Running a cruises and events company wasn’t exactly the course I expected to take when I studied mechanical engineering at Cal Poly San Luis Obispo. After graduating and starting my career as an environmental engineer, I quickly rose through the ranks of Industrial Clean Air and later became vice president of sales for Ecolaire Systems Inc. I found myself regularly scouting venues for client and employee events, which is how I discovered and later purchased a small yacht charter company based in Berkeley, California.
Over the last four decades, Hornblower expanded to a 100-vessel, half-billion-dollar company, spanning over 30 ports from coast-to-coast. Today, Hornblower companies employ more than 2,500 people and we take great pride in knowing our business supports so many families.
Pillars of Economy
As you enjoy your next vacation, know you too are fueling many pillars of the state’s economy, which in turn supports jobs for 1.1 million California workers.
California’s tourism industry brings vibrancy to our economic health, vibrancy we see in the faces of the people who make this happy industry hum. It is these employees who help create amazing experiences and maintain California as a desirable travel destination. It is their energy and enthusiasm that melds with the natural beauty of California to create the vibrant experiences California is known to offer.
Whether it’s new Californians looking for employment, retirees seeking seasonal work, summer jobs for students or a second job that bolsters a family’s income, tourism jobs remain stable even in the midst of economic downturns. The service-oriented industry relies on employees—yes, real people—who have a stake in customer satisfaction, and their work cannot be shipped abroad or cut back by automation.
In the midst of the Great Recession, tourism’s employment held strong against other sectors, dipping just 5.6% compared to an overall employment loss of 8.6%. Coming out of the recession, tourism created more new jobs than any other industry—a trend that has reliably continued, with 30,000 new jobs created last year, a faster growth rate than state government, trade or manufacturing. (Source: California Employment Development Department)
Now, with the lowest unemployment rates since 1976 and a growing economy, California is seeing jobs growth slow, due in part to a shortage of workers. The California Foundation for Commerce & Education is projecting a shortfall over the next generation of more than a million graduates of four-year colleges and hundreds of thousands of those with two-year degrees.
Graduates who enter the workforce need qualities that employers urgently seek: Solid communications skills, personal responsibility, and a strong work ethic. Tourism jobs help prepare California’s workforce with exactly these important skills.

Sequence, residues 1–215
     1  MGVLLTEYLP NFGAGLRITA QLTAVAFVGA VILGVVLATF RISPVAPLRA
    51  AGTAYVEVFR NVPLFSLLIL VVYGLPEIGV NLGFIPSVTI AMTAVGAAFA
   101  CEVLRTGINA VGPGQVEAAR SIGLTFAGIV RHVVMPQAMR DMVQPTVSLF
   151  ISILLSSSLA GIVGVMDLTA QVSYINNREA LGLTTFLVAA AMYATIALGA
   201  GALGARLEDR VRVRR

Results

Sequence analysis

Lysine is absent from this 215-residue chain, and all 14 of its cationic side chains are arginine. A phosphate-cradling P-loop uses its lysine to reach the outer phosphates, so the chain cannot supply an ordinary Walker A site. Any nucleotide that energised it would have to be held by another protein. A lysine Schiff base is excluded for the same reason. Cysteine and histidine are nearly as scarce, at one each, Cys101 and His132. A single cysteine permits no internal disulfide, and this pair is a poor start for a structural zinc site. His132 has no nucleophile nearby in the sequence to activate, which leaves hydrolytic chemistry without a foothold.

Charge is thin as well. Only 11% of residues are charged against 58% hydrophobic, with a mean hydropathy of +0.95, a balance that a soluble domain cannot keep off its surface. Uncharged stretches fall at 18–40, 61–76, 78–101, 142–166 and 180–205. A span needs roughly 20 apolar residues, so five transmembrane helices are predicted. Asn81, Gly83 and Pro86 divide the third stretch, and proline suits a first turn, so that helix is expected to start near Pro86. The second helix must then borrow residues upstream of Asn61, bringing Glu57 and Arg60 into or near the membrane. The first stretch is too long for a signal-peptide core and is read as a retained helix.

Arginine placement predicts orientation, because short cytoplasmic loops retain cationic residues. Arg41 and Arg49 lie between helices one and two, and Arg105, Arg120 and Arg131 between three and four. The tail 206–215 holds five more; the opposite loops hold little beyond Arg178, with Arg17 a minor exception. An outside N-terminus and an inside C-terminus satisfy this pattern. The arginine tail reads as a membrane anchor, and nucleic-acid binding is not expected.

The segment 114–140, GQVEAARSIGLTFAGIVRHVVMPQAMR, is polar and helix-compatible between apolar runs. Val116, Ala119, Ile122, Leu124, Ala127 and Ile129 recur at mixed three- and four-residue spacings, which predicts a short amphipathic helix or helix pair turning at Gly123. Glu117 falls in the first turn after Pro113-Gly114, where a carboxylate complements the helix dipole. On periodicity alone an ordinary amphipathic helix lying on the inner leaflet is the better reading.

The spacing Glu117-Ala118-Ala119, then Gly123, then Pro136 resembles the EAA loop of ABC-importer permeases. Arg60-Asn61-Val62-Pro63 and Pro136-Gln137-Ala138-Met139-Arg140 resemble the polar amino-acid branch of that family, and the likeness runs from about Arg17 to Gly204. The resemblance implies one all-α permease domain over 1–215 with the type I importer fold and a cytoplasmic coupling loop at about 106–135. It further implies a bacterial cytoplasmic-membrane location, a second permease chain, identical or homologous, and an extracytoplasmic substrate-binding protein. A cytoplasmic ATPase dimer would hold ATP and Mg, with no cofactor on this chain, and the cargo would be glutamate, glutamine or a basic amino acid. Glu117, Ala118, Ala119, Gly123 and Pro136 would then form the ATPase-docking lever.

Travel and tourism is California’s largest export. International visitors spend more than $25 billion in California a year. That is more than the value of California’s agriculture exports.
To help keep California a desirable location, we must work to provide clean and safe cites and infrastructure necessary for visitors. Not only is it necessary to provide education and training, but we must all commit to provide affordable housing and transportation alternatives for the amazing folks who work in this industry. We must take immediate action and create permanent solutions.
The world has many beautiful places, so we must ensure we are working to maintain the competitiveness of this important pillar of California’s economy.
Secret to Success
On your next vacation, share how much we all appreciate the dedicated employees who help create those fond vacation memories. Take a moment to share your gratitude. These welcoming, hard-working folks may well be the secret to your best vacation ever and the secret to the success of California’s largest export industry: tourism and the jobs we all need.
Terry MacRae, 2018 chair of the California Chamber of Commerce Board of Directors, serves as commissioner on the Visit California Board of Directors and is chief executive officer, president and founder of Hornblower Cruises & Events.
As you reflect on your list of New Year’s resolutions, resolve to take a few moments to familiarize yourself with the new employment laws that you’ll need to know in 2019.
Employers need to make sure to be aware of new labor laws that could affect them in the new year.
CalChamber’s employment law counsel analyzed the significant bills that Governor Jerry Brown signed into law and prepared a white paper summarizing their effects on California employers.
Read the latest information on:
CalChamber members can access a full discussion of the new laws on HRCalifornia. Not a member? See what CalChamber can do for you.